Eyes everywhere: How to safely navigate the IoT video revolution
Cameras are coming to a connected device near you. Cheap image sensors from old mobile phones are flooding the market and bringing video to the Internet of Things (IoT).
Vacuum cleaners, bird feeders, connected cars and even smart ovens now come loaded with cameras that recognize the dish and suggest remaining cooking times. This is a major shift in the functionality of connected devices, which now number more than 15 million globally. At the same time, though, this evolution can complicate the privacy and security of devices.
With IoT taking over the home and office, device creators and users must take extra steps to stay cyber-safe.
The problem with mixing devices and cameras
Indeed, the availability of affordable cameras is reshaping how we interact with devices. This transformation is driven by the reusability of cameras and video chips from older smartphones, which are now five to ten years old. Today, rather than going to landfill, these components are finding new life and value across various connected devices.
As a result, video is ubiquitous, evolving from a primary feature to a secondary attribute. In ovens, cameras enable users to remotely monitor their cooking process, ensuring their dishes are perfectly prepared. Meanwhile, in cars, cameras serve multiple purposes. This includes assisting with parking, providing a 360-degree view for safety, and enabling advanced driver-assistance systems.
This proliferation of cameras in everyday devices reflects a broader shift toward smarter, more interconnected products. As cameras become ever more cost-effective, we can expect to see even more innovative applications emerge, further enriching our daily lives.
But there’s a catch. Connected devices, particularly those on the cheaper end of the spectrum, often come with security risks. Adding always-on video feeds to such devices is a recipe for disaster. Therefore, device creators and users must safeguard themselves while embracing this revolution.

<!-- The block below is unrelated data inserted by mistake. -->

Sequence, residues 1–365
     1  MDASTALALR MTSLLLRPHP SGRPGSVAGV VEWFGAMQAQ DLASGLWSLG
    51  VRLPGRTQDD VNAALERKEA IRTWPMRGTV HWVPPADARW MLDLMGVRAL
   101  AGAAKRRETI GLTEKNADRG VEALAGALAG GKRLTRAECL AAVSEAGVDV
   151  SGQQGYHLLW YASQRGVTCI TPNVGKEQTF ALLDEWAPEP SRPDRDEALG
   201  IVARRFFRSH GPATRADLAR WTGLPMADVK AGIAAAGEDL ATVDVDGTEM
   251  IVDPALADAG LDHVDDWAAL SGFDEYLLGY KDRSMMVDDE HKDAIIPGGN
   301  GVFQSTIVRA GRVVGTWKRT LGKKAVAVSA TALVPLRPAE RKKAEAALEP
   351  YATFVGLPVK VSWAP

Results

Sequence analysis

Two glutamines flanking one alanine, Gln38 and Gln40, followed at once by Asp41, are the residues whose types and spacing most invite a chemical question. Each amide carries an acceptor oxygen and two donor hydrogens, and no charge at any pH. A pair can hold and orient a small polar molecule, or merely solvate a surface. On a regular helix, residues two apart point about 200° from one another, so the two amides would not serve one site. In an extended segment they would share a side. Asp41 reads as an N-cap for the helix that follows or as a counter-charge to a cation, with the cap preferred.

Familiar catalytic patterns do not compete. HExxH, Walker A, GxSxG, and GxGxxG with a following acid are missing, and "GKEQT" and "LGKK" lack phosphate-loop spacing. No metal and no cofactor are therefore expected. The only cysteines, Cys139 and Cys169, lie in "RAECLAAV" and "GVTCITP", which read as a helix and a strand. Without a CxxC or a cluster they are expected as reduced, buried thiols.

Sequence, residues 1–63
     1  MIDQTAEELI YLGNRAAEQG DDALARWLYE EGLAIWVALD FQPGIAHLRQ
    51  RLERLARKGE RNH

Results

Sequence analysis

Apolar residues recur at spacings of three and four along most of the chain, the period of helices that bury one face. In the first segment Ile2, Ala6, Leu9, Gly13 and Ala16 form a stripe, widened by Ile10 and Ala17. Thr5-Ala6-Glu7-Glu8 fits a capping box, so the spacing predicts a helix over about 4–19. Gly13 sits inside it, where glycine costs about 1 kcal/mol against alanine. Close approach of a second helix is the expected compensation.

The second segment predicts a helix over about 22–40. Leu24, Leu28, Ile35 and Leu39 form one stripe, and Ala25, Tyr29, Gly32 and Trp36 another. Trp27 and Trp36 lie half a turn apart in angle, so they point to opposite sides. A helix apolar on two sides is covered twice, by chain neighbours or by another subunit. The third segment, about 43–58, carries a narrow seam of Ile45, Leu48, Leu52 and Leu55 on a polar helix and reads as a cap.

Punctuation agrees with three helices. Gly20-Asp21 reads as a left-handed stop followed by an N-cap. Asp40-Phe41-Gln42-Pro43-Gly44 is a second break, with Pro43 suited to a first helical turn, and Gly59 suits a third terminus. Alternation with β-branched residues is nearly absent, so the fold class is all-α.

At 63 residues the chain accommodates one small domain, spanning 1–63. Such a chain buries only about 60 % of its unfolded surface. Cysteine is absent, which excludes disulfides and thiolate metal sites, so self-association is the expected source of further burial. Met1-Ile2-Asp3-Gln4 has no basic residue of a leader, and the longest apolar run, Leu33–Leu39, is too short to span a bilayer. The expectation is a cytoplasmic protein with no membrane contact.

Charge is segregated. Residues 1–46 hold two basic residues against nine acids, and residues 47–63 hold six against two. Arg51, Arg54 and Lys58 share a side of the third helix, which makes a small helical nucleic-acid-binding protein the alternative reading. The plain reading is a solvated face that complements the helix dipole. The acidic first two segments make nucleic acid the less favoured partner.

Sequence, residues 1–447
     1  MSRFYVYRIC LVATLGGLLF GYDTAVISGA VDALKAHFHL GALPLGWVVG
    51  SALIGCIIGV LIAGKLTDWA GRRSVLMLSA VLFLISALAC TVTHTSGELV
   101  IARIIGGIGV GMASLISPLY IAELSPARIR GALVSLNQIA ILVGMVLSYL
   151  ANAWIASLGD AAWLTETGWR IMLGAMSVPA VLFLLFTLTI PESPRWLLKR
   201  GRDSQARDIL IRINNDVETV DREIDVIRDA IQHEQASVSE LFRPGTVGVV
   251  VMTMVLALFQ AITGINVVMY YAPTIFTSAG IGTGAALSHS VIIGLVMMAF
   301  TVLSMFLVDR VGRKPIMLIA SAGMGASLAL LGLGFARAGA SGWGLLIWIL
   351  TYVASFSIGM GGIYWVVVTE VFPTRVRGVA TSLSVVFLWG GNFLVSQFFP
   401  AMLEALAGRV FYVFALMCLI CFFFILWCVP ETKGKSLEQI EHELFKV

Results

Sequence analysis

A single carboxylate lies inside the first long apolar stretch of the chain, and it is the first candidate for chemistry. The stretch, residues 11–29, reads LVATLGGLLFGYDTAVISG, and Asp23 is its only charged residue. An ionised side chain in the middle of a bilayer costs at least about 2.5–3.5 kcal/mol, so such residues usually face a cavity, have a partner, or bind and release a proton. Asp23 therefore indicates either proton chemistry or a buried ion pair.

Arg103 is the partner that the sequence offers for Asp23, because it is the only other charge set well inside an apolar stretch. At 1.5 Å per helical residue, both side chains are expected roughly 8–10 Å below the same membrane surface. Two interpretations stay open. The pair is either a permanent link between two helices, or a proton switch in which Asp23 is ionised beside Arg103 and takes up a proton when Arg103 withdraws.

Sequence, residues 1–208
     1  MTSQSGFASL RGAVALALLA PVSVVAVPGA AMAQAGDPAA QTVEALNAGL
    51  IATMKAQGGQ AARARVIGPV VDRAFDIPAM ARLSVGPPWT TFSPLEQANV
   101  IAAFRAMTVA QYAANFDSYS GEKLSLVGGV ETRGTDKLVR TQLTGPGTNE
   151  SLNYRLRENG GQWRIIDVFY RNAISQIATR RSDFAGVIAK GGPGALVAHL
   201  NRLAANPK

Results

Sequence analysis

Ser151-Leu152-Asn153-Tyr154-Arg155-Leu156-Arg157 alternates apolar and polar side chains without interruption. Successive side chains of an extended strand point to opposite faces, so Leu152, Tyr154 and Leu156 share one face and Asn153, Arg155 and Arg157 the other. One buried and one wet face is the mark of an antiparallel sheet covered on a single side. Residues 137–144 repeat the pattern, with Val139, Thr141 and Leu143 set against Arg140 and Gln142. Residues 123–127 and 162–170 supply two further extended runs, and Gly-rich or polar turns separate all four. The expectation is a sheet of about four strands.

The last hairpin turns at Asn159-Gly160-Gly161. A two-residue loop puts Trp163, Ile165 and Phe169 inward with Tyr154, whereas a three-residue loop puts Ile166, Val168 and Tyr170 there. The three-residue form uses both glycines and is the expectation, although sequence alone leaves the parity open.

How can device creators create safer products?
For device creators, first consider what’s best for your product. More than 60% of users are already worried about their smart security systems or cameras getting hacked. This trust gap will only grow if cameras are unnecessarily added to other devices.
So don’t just follow the trend for the trend’s sake. Instead, evaluate the use case and consider all options. For example, if you want your device to be spatially aware but don’t require imagery, Light Detection And Ranging (LiDAR) sensors might be a better fit.
Then, if the camera integration makes sense, tailor your devices to deliver safe video experiences. This includes protecting device-client communication with a private connection. IoT platforms with peer-to-peer (P2P) communication, for example, bypass the cloud to directly relay data. Moreover, these connections are encrypted to ensure that data is authenticated, confidential, and uncompromised. As a result, it’s possible to safely remote control and monitor the device with limited risk.
To further strengthen your encrypted communications, leverage Public Key Infrastructure (PKI): a type of authentication that relies on cryptographic keys instead of traditional usernames and passwords. These keys are highly resistant to brute-force attacks and can be stored on dedicated hardware that keeps them safe even in the event of a hack. This authentication method can up the ante when it comes to your posture in delivering end-to-end video.
What can users do to protect their devices?
Users are rightfully wary of bringing even more cameras into their homes and offices. The good news is that they, too, can protect their camera-enabled devices with some simple steps.
First, customize. This includes changing default usernames and passwords, updating the device’s firmware and software, and staying informed about the latest security threats. This is a simple yet effective way to create a barrier between yourself and would-be hackers.
Next, take it to the edge. Processing and storing data at the edge instead of the cloud is another surefire way to protect your endpoints. After all, by storing the information under your own lock and key, you can be sure about who can access it and how. Users also benefit from reduced latency by storing the information closer to home, which is particularly important with heavy video feeds.
Finally, buy trusted brands. Attack surfaces are only as strong as their weakest link. So, chose companies that have a proven track record when it comes to privacy and security. Likewise, as I’ve written before, consider where the devices come from and the strengths – or weaknesses – of regional regulations.
There’s no doubt that video-enhanced devices promise a new wave in IoT. However, neither creators nor users can afford to overlook the above security concerns. To navigate this evolution, device creators must ensure safety, and users should customize, decentralize, and prioritize trusted brands. Striking a balance between innovation and privacy is paramount.